Life in the Trenches. An Examination of Living Conditions on the Western Front During the First World War. World War I Erupts. The First World War erupted in the summer of 1914. Initially the war was met with tremendous optimism as hundreds of thousands eagerly volunteered for duty.
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An Examination of Living Conditions on the Western Front During the First World War
British and French recruits greeted by cheering crowds in 1914.
Strategic Situation in the Summer of 1914.
The Battle of the Marne (September 1914)
The front lines shown changed little between 1915 and 1917.
A typical trench system.
This captured German trench was typical of those found on the Western Front. Generally better prepared than Allied trenches, the resilience of German trenches would frustrate Allied attacks throughout the war.
Barbed-wire entanglements were virtually impassable. The primary function of any preliminary bombardment was to ensure the destruction of the enemy’s barbed-wire.
Soldiers did not spend the whole of the time in the trenches.
While not common, massive artillery guns such as the German “Big Bertha” shown above could fire one-ton shells more than ten miles.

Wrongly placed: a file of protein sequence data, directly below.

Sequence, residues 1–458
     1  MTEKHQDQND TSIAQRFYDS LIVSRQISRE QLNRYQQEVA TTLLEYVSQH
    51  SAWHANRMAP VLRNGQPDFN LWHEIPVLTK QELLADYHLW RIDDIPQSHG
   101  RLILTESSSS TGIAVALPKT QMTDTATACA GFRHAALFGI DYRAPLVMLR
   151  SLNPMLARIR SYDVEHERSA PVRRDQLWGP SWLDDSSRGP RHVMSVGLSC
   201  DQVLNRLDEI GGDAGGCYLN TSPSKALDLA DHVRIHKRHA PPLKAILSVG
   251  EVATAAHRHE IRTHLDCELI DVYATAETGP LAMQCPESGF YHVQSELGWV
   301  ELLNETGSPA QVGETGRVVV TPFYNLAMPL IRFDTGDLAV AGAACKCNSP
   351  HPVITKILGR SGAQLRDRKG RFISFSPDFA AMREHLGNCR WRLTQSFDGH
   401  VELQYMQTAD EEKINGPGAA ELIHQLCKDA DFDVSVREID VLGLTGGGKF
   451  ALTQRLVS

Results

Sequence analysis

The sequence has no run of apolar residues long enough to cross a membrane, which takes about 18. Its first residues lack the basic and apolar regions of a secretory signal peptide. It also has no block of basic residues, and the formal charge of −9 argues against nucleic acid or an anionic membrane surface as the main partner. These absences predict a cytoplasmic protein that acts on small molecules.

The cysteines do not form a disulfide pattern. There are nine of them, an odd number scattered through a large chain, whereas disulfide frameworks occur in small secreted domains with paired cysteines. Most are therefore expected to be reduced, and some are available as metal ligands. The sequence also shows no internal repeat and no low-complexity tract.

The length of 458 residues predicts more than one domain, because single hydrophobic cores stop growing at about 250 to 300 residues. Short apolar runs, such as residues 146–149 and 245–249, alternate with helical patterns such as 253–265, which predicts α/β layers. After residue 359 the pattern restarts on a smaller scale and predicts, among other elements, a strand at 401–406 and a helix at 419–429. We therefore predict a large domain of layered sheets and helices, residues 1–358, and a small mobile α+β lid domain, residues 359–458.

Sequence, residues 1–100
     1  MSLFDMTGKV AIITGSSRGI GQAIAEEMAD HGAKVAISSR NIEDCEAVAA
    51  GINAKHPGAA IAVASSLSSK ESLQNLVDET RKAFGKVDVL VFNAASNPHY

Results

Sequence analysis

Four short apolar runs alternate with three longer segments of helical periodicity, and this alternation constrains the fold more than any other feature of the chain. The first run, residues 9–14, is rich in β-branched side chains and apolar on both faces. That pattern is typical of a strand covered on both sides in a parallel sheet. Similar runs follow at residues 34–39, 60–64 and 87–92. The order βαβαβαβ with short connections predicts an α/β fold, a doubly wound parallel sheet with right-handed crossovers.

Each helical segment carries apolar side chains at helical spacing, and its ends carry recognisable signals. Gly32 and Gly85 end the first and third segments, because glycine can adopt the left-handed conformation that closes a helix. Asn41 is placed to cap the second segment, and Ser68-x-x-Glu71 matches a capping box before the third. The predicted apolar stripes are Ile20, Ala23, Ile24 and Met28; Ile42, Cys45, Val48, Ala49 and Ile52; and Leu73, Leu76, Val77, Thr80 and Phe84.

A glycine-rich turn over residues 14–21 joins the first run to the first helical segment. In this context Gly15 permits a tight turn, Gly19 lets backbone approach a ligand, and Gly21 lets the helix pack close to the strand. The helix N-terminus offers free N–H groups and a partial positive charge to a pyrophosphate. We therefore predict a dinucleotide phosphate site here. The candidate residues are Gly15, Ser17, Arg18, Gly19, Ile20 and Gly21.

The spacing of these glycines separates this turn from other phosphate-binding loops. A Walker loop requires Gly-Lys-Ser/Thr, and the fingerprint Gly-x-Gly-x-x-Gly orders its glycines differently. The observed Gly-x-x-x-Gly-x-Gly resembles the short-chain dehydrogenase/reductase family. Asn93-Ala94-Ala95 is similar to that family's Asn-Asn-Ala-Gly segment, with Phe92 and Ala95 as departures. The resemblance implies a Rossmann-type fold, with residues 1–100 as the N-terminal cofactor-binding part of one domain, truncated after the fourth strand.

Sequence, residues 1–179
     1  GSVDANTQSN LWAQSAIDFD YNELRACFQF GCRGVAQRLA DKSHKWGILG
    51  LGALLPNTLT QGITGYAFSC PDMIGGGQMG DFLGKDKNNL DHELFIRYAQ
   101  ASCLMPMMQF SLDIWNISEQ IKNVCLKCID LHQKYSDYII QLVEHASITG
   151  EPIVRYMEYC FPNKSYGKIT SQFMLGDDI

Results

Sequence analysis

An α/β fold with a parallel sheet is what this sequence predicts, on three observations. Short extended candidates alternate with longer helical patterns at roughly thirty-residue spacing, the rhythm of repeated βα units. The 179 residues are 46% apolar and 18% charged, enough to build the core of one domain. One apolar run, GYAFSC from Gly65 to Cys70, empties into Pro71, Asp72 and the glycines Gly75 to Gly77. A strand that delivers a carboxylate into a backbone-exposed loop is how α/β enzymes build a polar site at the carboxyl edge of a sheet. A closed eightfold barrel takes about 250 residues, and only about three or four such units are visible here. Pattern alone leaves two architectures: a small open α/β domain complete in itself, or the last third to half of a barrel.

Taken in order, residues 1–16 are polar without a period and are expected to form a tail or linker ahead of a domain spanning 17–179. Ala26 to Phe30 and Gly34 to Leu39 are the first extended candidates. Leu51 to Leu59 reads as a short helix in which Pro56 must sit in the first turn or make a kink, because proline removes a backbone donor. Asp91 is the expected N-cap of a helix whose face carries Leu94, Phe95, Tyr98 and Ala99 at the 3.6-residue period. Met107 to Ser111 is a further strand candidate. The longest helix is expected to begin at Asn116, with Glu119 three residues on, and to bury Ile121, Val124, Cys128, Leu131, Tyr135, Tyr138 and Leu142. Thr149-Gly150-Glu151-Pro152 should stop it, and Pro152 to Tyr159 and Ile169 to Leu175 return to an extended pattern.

It has been estimated that the Germans used 68,000 tons of gas against Allied soldiers. This was more than the French Army (36,000) and the British Army (25,000).
Between 1914 and 1918, more than 91,000 men were killed as a result of poison gas. Gas casualties, however, accounted for almost 3,000,000 total casualties.
It has been estimated that about 75,000 British soldiers in the war were killed by British shells that had been intended for the Germans.
Corpses lay everywhere and were often in various stages of decay. With little time to bury the dead, the decomposing bodies of men would attract rats. With rats came disease.
"We all carried the smell of dead bodies with us. The bread we ate, the stagnant water we drank. Everything we touched smelled of decomposition due to the fact that the earth surrounding us was packed with dead bodies."
This 1915 Punch magazine cartoon depicts the dehumanization process which results from service in the trenches.
During the winter of 1914-15, for example, over 20,000 men in the British Army were treated for trench foot.
Between 1914 and 1918 the British Army identified 80,000 men as suffering from shell-shock.
On one or two faces there are even the hints of smiles.
Some, however, will never smile again...